I would consider myself very lucky as I had experienced different cultures since I was a toddler (I was only 2 when dad dragged mom & me to Washington DC to pursue his Master’s Degree. We lived in Arlington for a year and a half). I learnt my first English words there by watching Sesame Street every morning after having my breakfast of milk and cereal. I still have that pic of me sitting on a chair in the kitchen, my hand on the table. By three I could spell sweets etc!

When we returned home, my parents were criticised by my relatives (no, not my uncle and aunts but my distant relatives) for allowing me to call them Mama, Papa, Grandpa & Grandma. They have set in their heads that their children could only call them Ibu, Ayah, Atok, Nenek. My parents couldn’t care less, they ignored those harsh comments. At the mere age of 4 I was sent to Kindergarten as Mom feels that I shouldn’t waste my precious time staying at home playing. I didn’t spend my time there to play, we actually learn arithmetics! Yup, that’s true!

Fast Forward, mid 1985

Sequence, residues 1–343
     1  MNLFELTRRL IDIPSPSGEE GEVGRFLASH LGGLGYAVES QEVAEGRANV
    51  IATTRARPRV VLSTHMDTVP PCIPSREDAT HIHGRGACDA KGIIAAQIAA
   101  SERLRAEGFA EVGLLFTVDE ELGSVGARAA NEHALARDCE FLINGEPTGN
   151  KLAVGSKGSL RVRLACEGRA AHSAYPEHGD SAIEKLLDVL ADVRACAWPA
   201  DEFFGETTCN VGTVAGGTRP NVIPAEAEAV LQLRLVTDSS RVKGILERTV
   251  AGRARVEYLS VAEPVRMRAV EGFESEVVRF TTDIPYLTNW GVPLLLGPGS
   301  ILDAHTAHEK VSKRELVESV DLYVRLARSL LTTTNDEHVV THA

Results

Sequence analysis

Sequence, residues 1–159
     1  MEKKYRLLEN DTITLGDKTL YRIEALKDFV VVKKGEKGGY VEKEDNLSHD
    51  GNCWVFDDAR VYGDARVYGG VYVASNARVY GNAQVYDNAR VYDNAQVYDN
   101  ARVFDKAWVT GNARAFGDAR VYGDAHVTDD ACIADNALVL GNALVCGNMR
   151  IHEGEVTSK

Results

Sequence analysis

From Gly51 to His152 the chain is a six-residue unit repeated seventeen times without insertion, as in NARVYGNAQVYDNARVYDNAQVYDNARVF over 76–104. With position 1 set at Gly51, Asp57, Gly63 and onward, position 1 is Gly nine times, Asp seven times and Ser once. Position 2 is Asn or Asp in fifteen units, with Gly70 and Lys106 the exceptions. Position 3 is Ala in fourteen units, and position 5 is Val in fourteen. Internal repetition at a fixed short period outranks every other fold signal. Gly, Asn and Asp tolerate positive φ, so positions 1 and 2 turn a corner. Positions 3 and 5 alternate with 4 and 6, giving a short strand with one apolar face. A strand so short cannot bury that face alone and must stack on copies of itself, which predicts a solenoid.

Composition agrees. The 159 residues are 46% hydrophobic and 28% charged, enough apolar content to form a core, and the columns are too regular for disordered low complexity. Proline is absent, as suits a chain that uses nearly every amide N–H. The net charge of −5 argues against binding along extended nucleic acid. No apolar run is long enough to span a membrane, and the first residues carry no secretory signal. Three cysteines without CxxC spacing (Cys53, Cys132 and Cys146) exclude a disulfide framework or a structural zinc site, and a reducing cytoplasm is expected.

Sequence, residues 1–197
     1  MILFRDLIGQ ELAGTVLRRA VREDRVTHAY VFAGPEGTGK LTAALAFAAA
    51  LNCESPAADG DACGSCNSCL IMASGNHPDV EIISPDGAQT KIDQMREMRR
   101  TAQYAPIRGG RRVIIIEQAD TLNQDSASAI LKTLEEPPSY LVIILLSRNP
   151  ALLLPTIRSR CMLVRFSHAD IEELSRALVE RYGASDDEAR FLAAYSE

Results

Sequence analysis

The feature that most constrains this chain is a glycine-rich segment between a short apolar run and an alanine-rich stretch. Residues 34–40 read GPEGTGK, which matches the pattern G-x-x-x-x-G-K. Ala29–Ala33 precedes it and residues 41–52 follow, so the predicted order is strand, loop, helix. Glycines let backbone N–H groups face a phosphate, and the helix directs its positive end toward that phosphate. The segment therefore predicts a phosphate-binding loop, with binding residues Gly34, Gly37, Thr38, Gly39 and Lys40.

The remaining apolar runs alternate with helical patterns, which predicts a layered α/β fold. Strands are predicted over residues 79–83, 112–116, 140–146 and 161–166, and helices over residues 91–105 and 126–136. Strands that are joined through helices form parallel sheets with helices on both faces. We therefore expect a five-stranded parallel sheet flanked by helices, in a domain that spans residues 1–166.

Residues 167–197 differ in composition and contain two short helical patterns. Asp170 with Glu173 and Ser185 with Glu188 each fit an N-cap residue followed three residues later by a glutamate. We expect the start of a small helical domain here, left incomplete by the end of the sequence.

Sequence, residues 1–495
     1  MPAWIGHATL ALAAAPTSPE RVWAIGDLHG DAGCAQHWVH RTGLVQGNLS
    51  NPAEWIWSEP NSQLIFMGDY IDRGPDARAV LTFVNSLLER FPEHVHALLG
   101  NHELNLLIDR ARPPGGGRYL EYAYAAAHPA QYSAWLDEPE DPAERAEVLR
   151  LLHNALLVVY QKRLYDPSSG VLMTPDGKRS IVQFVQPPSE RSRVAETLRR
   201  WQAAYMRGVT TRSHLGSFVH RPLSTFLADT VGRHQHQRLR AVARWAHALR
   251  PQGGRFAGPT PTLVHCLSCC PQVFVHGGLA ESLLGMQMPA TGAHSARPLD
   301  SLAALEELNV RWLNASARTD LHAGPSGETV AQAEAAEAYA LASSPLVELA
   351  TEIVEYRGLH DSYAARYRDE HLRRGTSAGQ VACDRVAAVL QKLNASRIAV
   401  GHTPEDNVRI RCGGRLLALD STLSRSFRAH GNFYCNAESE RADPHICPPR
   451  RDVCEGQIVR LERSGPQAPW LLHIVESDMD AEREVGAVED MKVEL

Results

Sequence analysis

Dad was posted to Tripoli. Where did you say? Tripoli, no, not Tripoli, Lebanon but Tripoli, Libya. Never heard of that place? Well, too bad for you. It’s a beautiful place to live.

We were there for 3 and a half years. Living by the sea, enjoying the view of ships sailing in and out of the harbour (port actually). That was all I did for a few months while waiting for the new school year to start, which was in early Sept. I tried to occupy my time as I was feeling home sick. I left my heart back home, physically I was there with my parents. This was the first time living with mom & dad (I was brought up by my grandparents, they lived under the same roof, I didn’t have a close relationship with my parents then).

We moved house to an area called Hai Andalus. The villa was spacious, big enough for a small family of three! We could climb the stairs which connects the main floor to the next level which is an open area, Mediterranean style. There is no such thing as tiled roof. I remember having picnics with family and friends during the summer and enjoy the view of the night sky. Stars twinkling bright. From time to time I would wish upon a star and wonder if my wish would come true!

Summer ends and autumn begins, school is open, kids rushing in and out of classrooms. One of them, a girl from a far away land enjoying her lunch with the rest of her friends; Claire that Brit girl, Elena who speaks fluent French, Hana N a Libyan, Christina from Bolivia and Aeysha a Pakistani Brit. That girl is me.